Skills for journalists in print and digital media.

Job changes and training

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chaplinWhen New York Times Editor Bill Keller met with his staff to discuss the how and why of another 100 cuts to the newsroom staff, he talked about trying to find more efficiencies.

“This time, in our quest for new efficiencies, we’re looking hard at how we move copy — from reporter to publication, whether in print or on the Web. We suspect we can save some slots by streamlining the process.

“Could we for example combine some of our copy desks and save a few FTEs by gaining economies of scale and scheduling without compromising the rich, specialized expertise that resides in our cadre of copy editors? Or consider how pages get made. We have skilled designers who draw our pages, paginators who execute those designs and other production staffers who calibrate the tone and color of the pages. We’re looking at whether we can streamline some of that work. Those are the kind of questions we’re examining, under the general rubric of doing things more efficiently.”

These are the kind of things more and more newsrooms are trying to stretch resources. And streamlining and combining duties previously held by different people is one more area where a good training plan is essential. Training on the Edge of Change is not just about launching new initiatives, but also adjusting and regrouping in transit. Sadly, without the organizational hoopla of a new initiative, these moments often do not get the same training support.

They required the same process of a needs assessment, effective training, and followup that any change initiative involves. And that includes the same amount of explanation and support to motivate people to learn and perform.

Instead of hoopla, this level of training requires a lot of of involvement from frontline supervisors who know the work.

Verity Gough, writing on the trainingzone blog about the effective transfer of learning from training to the job, discussed some ways to make good links between learning and development (L&D):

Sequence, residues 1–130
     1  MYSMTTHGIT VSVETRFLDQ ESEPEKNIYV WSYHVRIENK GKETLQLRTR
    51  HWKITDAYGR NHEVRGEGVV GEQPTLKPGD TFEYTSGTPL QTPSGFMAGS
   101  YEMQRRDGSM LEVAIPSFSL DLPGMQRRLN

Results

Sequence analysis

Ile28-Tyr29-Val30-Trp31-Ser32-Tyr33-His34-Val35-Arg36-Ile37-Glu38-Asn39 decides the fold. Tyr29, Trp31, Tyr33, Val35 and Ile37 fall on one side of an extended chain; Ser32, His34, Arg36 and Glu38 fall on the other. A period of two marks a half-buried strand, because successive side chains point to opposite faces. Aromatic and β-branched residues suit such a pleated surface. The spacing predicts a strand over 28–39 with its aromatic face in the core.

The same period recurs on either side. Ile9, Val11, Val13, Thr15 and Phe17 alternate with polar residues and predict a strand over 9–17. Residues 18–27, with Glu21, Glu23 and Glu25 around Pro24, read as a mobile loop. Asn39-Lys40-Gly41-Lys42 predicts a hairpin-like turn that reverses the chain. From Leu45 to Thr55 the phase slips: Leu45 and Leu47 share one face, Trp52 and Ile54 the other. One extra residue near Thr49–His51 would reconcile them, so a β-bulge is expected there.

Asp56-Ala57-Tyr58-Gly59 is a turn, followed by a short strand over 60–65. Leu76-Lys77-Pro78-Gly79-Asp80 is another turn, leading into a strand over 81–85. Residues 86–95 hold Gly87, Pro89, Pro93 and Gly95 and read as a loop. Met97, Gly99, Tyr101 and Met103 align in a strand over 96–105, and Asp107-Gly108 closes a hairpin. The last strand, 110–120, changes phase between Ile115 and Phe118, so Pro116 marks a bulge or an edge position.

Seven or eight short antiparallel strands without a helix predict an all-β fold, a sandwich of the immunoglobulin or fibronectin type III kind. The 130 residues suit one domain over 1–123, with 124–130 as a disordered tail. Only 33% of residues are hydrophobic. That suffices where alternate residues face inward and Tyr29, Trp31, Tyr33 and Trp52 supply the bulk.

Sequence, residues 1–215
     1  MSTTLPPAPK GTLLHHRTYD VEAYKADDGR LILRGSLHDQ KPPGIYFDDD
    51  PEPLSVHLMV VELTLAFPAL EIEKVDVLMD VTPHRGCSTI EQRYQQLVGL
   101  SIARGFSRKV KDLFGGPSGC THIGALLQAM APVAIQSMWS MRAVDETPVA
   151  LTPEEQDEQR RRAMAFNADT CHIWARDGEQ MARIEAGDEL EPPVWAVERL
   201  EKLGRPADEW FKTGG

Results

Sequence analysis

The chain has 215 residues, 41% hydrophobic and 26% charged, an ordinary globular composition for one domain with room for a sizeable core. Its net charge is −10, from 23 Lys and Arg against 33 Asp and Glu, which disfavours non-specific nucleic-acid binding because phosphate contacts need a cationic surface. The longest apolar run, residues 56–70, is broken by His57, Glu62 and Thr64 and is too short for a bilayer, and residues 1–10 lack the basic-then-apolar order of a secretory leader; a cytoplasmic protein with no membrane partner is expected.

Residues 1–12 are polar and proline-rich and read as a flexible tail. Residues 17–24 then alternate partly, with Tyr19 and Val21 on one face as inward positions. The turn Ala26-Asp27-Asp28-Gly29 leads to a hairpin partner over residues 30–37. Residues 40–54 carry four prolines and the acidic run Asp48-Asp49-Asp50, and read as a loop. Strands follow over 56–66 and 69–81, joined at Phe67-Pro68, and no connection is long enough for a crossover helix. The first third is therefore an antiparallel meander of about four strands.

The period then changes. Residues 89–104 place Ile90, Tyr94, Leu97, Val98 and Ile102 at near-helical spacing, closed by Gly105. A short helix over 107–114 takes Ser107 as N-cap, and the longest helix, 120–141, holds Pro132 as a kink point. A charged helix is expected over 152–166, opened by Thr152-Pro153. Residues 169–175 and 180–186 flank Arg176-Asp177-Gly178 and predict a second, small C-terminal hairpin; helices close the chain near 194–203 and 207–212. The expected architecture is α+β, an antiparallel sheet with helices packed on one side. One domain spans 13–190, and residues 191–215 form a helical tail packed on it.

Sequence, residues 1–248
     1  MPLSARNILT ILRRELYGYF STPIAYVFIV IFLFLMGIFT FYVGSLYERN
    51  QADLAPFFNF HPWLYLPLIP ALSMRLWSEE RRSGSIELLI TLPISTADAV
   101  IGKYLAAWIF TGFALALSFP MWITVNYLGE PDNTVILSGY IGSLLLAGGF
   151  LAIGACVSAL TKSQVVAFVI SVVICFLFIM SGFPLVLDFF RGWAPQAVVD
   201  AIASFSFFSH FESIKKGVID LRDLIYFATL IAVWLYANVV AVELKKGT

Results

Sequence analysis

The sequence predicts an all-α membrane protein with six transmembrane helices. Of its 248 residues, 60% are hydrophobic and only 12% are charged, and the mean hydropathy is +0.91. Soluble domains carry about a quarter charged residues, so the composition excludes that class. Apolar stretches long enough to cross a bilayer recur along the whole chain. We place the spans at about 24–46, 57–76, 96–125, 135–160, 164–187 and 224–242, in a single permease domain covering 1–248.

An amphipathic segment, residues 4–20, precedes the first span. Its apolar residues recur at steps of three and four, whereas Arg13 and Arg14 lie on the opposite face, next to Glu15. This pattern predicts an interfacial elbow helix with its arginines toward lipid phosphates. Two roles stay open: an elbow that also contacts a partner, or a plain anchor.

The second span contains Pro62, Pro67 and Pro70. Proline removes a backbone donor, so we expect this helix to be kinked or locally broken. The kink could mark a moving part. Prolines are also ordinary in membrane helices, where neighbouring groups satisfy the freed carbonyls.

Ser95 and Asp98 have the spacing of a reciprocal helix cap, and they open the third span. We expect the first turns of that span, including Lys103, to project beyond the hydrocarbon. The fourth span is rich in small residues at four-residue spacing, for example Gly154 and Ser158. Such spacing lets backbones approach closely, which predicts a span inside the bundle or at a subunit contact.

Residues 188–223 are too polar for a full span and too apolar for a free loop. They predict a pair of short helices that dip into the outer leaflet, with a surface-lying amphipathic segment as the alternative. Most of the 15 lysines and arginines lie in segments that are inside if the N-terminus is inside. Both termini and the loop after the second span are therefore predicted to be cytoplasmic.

“In many organisations, there are less people doing the same amount of work and because of the demands this places on an employee’s time, a blend of different learning components increase the chances of a training programme having the desired effect. L&D, therefore, needs to look carefully at the make-up of training programmes and offer employees flexibility and choice when it comes to learning preferences. Given the current climate, it also makes sense that one of the components of the blend is a work-based project which links the learning directly to the person’s day-to-day role or responsibilities. Such projects should be selected carefully and approved by line managers and should then form part of any programme’s effectiveness evaluation or assessment process. Alongside the framework, this is also another device to draw the line manager into the L&D process.”

Whether it means immediately applying the new blended skills on the job, or working into competency via work-based projects that allow more time to practice and receive feedback, the frontline manager is the essential point of contact once formal training is over.


Written by mroberts8

November 9, 2009 at 7:10 pm

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